Euro RSCG DSW Revamps High-Growth Agency Changes Name, Structure

Euro RSCG Dahlin Smith White, the agency that has grown along with its flagship computer chip client, Intel, is changing its name and restructuring its management team.
The new name, Euro RSCG DSW Partners, is intended to reflect an overarching shift in management structure as the agency reaches the $250 million mark in billings. As part of the plan, the shop will move most account duties on Intel to its San Francisco office from its headquarters in Salt Lake City.
“Our level of growth makes it necessary for us to gear up to meet the increasing demands of existing clients as well as future clients,” said John Dahlin, agency partner and co-founder. “The new structure allows us to expand and attack the market with greater flexibility and resources.”
Executives Jeff Bagley, Dave Boede, Kim Carter and Alan Reighard will join founders Dahlin, Darrell Smith and Jon White as partners. The move creates a partnership structure similar to that at sister Euro RSCG agency, Messner Vetere Berger McNamee Schmetterer/Euro RSCG in New York. Messner partner Bob Schmetterer is chairman and chief executive officer of Euro RSCG.
Under the plan, Boede, 37, will supervise the 40 employees at the agency’s San Francisco office and handle the majority of the Intel account there. Intel’s sales and marketing offices are located in nearby Santa Clara, Calif. Boede, who has been with the shop for 11 years, was previously senior vice president and group account director on the estimated $120 million-plus national Intel business.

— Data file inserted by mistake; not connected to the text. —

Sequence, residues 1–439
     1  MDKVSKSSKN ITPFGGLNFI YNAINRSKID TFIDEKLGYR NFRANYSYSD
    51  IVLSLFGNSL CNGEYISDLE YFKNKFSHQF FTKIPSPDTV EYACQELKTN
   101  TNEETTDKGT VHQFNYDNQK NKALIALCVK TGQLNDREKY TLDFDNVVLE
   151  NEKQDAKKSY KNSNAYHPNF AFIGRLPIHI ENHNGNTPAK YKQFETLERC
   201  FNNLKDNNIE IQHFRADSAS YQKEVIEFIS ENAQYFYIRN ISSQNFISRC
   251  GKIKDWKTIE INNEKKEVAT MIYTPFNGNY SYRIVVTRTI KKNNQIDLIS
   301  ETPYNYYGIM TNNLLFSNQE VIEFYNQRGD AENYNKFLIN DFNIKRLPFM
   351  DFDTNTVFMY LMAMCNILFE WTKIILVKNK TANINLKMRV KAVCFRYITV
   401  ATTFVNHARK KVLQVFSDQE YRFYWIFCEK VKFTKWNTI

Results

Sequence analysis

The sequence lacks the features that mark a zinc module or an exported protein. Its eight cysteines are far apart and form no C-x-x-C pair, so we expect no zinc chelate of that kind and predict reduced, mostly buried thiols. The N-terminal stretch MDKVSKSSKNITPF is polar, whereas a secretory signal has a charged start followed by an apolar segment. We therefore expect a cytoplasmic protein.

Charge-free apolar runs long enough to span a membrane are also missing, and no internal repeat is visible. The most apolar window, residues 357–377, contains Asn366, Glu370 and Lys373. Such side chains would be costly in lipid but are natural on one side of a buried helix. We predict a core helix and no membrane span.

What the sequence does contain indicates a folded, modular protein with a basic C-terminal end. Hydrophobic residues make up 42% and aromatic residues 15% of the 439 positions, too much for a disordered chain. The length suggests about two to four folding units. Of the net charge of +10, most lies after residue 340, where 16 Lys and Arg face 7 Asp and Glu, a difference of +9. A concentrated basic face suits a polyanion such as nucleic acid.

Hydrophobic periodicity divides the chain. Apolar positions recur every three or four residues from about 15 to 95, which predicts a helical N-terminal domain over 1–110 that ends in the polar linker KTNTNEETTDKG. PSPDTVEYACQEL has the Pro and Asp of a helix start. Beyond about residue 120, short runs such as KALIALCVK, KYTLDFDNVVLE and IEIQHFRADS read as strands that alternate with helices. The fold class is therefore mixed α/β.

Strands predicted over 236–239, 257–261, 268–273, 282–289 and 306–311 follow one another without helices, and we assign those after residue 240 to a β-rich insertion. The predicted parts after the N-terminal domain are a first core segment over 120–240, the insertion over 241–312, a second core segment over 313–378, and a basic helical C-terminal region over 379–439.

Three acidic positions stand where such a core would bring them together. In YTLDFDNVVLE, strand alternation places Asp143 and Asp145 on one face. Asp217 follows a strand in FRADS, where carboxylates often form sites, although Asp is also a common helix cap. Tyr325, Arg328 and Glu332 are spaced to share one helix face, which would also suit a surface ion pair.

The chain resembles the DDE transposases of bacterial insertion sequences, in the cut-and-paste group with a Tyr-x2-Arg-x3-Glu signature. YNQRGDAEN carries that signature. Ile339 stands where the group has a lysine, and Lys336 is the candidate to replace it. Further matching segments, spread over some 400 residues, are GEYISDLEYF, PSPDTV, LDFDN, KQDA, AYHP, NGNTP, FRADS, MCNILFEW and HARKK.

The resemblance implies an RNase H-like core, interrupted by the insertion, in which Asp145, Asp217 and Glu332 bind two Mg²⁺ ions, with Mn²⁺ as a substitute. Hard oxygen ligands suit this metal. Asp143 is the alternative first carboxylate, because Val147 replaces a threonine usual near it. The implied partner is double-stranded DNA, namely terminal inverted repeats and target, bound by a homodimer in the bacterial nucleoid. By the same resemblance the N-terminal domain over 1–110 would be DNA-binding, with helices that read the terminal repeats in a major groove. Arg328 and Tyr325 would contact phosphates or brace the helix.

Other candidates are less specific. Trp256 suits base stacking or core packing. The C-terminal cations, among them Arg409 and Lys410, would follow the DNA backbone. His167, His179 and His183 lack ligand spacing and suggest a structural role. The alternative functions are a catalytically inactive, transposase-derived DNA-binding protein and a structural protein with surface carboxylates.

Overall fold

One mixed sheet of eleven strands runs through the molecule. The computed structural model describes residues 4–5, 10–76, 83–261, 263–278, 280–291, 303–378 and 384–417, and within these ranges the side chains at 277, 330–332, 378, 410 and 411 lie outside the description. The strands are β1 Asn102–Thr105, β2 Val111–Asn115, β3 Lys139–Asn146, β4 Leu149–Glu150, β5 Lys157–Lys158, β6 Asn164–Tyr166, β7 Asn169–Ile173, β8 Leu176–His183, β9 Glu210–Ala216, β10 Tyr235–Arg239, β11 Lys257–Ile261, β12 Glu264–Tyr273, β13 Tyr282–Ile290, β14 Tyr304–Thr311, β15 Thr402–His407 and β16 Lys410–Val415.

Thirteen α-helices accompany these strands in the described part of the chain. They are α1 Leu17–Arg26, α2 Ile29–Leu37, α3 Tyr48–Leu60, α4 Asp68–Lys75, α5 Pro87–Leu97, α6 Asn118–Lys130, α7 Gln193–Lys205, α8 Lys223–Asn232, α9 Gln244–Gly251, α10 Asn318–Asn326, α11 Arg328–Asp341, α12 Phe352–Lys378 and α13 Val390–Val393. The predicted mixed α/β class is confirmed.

Boede said the staff in San Francisco is expected to double to 80 by the end of 1998. “By moving most of the Intel business to San Francisco, it opens up resources in Salt Lake to devote to new clients,” he said.
Prior to the restructuring, Reighard served as managing director of the San Francisco operation, but that arrangement lasted only nine months. During his tenure, Reighard continued to work part-time in Salt Lake, sources said. He is returning full-time to the Utah office.
Together, the two offices grew by an estimated 30 percent in 1997, with interactive work generating about 20 percent of total billings.